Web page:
Thursday, March 16, 2006

Record Review: Buzzcocks - Flat-Pack Philosophy

The Buzzcocks will forever live in the shadow of their salad days. Their fans will always compare their work to the power pop/pop punk perfection they achieved on Singles Going Steady. And why shouldn’t they? They defined a genre and influenced innumerable bands. But Flat Pack Philosophy boasts enough hooks to stand on its own.

The Buzzcocks excel above other punk rock fixtures vying to remain relevant amongst a genre that has long since moved on. Predominantly because the Buzzcocks too have moved on. Pete Shelley and Steve Diggle are no longer grappling with their adolescent chemical imbalances and bubbling hormones. Rather their lyrical palette is coloured by the quickly modernising Britain they live in. ‘Credit’ opens with a sample that is supposed to parody the absurdity of modern self-serve check outs.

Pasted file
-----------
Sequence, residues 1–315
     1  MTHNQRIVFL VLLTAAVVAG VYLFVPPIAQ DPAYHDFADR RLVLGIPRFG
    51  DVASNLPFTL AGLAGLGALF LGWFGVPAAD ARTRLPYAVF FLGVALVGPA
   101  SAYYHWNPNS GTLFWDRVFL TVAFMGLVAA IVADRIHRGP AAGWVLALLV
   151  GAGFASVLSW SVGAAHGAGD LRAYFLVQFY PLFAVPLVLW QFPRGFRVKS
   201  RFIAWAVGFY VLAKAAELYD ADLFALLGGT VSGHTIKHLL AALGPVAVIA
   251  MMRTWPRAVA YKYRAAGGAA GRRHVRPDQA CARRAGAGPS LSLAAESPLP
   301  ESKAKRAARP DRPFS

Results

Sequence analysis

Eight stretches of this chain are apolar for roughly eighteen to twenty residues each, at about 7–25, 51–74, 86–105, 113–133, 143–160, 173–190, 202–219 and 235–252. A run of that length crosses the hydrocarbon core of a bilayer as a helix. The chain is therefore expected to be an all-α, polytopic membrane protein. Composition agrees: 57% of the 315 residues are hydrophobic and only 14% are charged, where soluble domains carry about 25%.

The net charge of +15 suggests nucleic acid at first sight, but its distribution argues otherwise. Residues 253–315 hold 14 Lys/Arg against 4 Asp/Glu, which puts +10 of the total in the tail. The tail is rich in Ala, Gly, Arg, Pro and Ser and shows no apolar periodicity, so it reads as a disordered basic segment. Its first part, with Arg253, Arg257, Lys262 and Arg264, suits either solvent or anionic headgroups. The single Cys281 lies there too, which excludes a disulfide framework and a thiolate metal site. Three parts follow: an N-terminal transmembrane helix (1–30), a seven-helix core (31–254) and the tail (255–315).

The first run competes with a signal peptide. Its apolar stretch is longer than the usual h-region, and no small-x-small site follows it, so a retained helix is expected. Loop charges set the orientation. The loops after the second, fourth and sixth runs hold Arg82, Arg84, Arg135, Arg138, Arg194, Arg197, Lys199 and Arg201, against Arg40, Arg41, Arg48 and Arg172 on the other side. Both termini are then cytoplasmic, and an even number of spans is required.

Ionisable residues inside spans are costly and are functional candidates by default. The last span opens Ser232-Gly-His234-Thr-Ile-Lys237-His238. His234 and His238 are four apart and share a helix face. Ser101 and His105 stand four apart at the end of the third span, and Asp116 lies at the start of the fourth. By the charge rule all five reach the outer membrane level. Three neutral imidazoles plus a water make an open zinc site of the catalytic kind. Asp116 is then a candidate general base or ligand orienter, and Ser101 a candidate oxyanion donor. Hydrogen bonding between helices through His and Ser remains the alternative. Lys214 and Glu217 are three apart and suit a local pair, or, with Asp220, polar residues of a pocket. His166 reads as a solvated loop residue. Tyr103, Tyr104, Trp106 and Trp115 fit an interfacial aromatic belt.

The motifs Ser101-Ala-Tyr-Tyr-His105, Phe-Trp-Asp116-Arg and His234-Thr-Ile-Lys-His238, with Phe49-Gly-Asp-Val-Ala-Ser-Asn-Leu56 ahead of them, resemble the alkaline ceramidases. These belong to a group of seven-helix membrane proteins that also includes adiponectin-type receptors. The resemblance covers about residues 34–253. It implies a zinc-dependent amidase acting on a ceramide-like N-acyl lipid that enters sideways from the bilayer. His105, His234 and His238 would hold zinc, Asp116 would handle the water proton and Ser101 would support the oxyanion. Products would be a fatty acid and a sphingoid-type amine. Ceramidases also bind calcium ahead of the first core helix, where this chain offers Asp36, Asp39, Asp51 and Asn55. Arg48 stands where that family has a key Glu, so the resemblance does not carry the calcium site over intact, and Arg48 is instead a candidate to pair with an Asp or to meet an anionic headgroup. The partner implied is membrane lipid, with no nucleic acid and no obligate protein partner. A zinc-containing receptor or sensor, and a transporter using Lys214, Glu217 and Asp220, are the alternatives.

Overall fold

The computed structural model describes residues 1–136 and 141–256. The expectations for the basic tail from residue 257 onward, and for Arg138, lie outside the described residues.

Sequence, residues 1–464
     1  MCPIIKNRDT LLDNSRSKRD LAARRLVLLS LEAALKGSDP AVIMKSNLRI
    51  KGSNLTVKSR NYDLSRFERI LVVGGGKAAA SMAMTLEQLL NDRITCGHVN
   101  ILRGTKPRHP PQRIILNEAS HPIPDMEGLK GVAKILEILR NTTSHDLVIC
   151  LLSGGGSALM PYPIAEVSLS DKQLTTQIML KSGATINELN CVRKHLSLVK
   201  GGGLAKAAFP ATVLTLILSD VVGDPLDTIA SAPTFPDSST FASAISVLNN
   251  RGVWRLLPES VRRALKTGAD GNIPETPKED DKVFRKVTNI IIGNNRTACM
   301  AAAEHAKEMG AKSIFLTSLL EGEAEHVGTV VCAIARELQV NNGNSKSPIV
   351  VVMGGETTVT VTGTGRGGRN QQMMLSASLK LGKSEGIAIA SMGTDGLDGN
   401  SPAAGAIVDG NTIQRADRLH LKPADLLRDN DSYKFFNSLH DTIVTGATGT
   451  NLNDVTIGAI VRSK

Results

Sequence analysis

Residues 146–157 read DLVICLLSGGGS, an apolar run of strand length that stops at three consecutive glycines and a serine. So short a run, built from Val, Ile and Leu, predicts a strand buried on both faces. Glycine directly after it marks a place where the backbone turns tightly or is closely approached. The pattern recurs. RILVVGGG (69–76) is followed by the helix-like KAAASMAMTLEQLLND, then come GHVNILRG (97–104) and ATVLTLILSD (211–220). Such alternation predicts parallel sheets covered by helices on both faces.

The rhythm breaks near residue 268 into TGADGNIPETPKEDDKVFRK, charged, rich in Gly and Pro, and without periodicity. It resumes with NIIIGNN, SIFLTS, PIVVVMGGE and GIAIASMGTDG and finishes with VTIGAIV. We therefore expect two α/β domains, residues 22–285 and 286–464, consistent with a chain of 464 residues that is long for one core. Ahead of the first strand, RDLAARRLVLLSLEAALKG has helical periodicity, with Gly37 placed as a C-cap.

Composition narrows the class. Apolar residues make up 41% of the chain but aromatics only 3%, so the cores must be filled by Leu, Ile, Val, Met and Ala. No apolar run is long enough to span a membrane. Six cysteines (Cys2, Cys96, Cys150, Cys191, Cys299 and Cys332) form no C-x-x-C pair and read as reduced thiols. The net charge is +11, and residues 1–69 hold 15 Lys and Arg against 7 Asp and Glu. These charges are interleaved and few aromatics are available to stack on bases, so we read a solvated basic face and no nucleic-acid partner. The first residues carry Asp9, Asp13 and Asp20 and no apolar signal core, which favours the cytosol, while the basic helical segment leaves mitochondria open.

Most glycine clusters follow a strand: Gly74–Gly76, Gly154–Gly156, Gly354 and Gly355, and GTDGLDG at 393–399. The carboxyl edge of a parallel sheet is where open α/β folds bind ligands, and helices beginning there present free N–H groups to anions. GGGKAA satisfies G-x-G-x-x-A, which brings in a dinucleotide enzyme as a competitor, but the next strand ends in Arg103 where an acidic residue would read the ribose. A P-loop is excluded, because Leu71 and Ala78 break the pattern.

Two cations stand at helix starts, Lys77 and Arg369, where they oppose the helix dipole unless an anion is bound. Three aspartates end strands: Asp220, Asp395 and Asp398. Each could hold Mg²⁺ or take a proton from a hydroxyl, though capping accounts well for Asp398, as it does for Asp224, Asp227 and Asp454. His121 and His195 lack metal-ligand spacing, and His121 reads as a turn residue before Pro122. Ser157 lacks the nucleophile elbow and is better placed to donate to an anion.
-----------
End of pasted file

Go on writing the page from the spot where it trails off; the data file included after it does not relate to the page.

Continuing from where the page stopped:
The mix on Flat Pack Philosophy is vast and foreboding. It’s sonically similar to their 2003 self-titled record. The vocals are shrill and sharp. On tracks like ‘Flat Pack Philosophy’ and ‘Wish I Never Loved You’, Shelley croons and slurs the melody menacingly like you wouldn’t expect if you were nurtured on a diet of the ‘cocks’ punk rock standards. The guitars reverberate and punch with a mongrel not seen on their output circa ‘77. On ‘God What Have I Done’ and ‘Sound of a Gun’ the guitars resonate and punch in a tone and melody that is vaguely no wave-ish fashion.

While the Buzzcocks have moved on the realm of bubblegum and forlorn youth, they retain the wit that made them great and direct it elsewhere. While Flat Pack Philosophy doesn’t boast hits like ‘Ever Fallen In Love’ or ‘Orgasm’ addict, it is accessible for those willing to give it a listen or three

Four thumbs up.


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